You deserve that.
Grieve Actively as a process
Grieving actively starts with acknowledging loss. So many times we try to breeze past it, ignore its impact, and just “move on.” It can be easy to move at a frenzied pace, faking your way. Actively grieving means you slow down and actually process the past, its cost, and its messages.
In addition, don’t let your past dominate you. Don’t LIVE there. Don’t wallow in it. That is the point of processing the loss, after all. You process loss (actively grieve) in order to truly recover and live more fully in the present. I like this quote: “The longer you live in the past, the less time you have to spend in the present.”
So, you want to do this in a way that you spend just the right amount of time dealing with it.
Grieving actively means acknowledging what you wish had been “more, better, or different.”
Those are legit desires. And don’t just lightly acknowledge. Honor those impulses and wishes. They reveal your heart and values. Truly. Listing what you wanted more of, what you wish had been better (no matter who is responsible) and describing what you would like to have been different is a GREAT way to clarify your own values.
It’s SAFE to do this.
So many times we think we can only consider the good things (especially after death.) Or maybe only the bad (especially after a divorce or break-up.) But the most important things can be learned and processed by thinking through and listing out ALL we wish had been more, better, or different.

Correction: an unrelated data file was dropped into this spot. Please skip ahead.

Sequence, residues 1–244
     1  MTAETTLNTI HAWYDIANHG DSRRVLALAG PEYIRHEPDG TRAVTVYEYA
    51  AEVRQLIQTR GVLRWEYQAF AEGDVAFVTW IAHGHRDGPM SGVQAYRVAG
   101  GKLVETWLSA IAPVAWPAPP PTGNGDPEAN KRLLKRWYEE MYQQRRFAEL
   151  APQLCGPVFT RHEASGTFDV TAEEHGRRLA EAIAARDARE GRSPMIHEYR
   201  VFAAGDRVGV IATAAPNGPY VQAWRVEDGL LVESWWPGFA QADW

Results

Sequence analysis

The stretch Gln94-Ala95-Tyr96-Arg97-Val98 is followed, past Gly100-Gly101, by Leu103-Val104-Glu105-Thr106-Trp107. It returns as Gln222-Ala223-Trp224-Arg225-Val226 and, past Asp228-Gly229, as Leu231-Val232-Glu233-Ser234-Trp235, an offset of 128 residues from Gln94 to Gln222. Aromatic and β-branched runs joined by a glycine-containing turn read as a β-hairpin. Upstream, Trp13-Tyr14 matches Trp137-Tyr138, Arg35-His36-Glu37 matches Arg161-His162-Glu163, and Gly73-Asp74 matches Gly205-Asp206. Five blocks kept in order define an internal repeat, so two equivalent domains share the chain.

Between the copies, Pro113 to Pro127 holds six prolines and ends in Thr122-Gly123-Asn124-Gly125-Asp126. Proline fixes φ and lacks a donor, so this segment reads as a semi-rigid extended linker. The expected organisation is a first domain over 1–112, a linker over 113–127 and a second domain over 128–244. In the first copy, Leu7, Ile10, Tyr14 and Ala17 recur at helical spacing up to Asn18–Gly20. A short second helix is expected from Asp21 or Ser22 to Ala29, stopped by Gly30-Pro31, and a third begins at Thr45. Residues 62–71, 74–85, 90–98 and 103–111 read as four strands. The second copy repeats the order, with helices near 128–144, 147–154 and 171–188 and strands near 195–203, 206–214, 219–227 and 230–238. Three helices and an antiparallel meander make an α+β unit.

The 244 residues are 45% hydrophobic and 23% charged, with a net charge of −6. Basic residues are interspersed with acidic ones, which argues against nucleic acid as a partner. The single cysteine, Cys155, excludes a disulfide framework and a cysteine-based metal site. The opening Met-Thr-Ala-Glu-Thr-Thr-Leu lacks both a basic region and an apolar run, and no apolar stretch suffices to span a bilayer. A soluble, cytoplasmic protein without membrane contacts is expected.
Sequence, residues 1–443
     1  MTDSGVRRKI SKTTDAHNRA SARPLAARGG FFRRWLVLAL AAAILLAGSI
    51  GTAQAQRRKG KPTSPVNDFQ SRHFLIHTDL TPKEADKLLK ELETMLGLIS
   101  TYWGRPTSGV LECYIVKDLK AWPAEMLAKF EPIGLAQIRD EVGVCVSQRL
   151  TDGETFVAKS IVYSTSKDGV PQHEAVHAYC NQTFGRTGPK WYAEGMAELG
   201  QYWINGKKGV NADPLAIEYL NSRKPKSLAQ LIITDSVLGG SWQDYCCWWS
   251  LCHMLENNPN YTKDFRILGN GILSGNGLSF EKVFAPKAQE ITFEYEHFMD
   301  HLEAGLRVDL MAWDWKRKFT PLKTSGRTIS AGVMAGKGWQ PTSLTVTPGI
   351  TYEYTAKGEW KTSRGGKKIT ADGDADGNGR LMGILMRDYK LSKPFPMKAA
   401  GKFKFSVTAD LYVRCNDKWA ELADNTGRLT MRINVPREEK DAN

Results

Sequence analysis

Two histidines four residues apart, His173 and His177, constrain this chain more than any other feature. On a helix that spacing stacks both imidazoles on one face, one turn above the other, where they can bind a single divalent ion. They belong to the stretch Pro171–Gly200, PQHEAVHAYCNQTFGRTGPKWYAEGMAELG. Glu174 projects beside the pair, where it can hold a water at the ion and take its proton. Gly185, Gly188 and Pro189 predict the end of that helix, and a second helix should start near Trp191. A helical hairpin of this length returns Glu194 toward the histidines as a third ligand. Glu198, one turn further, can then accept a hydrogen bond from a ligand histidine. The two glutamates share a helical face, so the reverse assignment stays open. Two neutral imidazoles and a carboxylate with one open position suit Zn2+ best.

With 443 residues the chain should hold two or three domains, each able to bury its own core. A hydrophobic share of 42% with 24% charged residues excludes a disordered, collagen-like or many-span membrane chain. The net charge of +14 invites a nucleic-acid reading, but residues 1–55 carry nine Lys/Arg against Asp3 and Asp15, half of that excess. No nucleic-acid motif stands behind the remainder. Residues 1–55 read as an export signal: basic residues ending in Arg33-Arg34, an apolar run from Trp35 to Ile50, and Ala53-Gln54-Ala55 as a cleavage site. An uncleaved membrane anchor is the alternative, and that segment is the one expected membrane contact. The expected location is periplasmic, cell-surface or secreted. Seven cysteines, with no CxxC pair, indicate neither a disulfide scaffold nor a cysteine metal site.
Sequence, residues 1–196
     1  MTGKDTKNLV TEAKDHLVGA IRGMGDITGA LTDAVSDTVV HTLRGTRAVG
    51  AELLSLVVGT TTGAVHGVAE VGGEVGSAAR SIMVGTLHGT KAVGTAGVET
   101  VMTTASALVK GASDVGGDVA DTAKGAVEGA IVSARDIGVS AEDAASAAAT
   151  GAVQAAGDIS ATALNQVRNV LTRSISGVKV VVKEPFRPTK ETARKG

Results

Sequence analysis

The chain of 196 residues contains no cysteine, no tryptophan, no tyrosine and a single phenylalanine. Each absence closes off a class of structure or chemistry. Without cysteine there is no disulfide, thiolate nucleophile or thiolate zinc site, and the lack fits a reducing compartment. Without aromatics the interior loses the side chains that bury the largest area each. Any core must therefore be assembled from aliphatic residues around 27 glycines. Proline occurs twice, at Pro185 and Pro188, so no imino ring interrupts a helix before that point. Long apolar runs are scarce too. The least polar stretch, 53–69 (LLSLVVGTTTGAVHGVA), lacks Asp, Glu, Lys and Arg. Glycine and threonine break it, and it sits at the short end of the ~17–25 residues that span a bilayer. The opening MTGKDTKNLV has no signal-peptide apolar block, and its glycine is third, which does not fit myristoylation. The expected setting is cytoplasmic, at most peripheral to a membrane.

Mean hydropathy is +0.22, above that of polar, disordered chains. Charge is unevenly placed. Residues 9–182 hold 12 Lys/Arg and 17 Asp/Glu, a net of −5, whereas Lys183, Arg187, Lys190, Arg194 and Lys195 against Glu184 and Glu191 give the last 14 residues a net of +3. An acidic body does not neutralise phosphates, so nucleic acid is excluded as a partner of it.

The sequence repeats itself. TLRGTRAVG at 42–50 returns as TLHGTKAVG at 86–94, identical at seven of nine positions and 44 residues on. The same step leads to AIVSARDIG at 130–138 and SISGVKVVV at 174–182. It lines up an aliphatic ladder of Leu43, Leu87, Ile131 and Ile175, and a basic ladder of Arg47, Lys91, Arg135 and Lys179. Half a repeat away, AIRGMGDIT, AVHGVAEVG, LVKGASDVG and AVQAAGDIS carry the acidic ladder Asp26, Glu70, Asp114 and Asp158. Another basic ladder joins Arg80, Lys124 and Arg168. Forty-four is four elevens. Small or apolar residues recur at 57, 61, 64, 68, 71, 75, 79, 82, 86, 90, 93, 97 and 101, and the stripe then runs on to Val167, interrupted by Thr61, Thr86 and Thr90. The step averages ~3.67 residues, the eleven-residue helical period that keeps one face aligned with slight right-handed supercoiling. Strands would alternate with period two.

Believe it or not, this process also allows ALL the positive things to get through more accurately.
Next, intentionally DO something meaningful with the info.
Apologize for your part. Probably you will see ways that you contributed to the situation yielding less than you hoped. Take responsibility only where it is yours.
Forgive (and determine to forgive) those things that you need to be released from. Remember, resentment and bitterness are costly to YOUR life, not the offender. It’s okay if you don’t “feel” like it’s forgiven. Purpose to forgive. Let go as much as you are able and acknowledge your need to forgive where it’s tough.
Get clear on the significant emotional realities. Sometimes this is something that fits neither category. It’s just something true and significant. For example, “Mom, you tried to put lots of shame on me and that was not right. It’s not my shame.” It could be “You were a good dancing partner and I’ll always be happy about the time we spent dancing.” State those things that are significant, charged, and true for you.
You will do best if you write these things down, and then share them with one trusted person. That can be a professional or a peer doing the same thing. Then, get busy living in the present.
Guess what? It’s absolutely okay to cry. Maybe a lot. It’s also okay NOT to cry. Know what isn’t okay? Getting stuck and wasting time or missing the lessons your loss can teach you.
I have a real 6-8 session process to walk you through grieving actively. It’s part of my women’s groups and one on one sessions. Check your options HERE and let me know if I can help.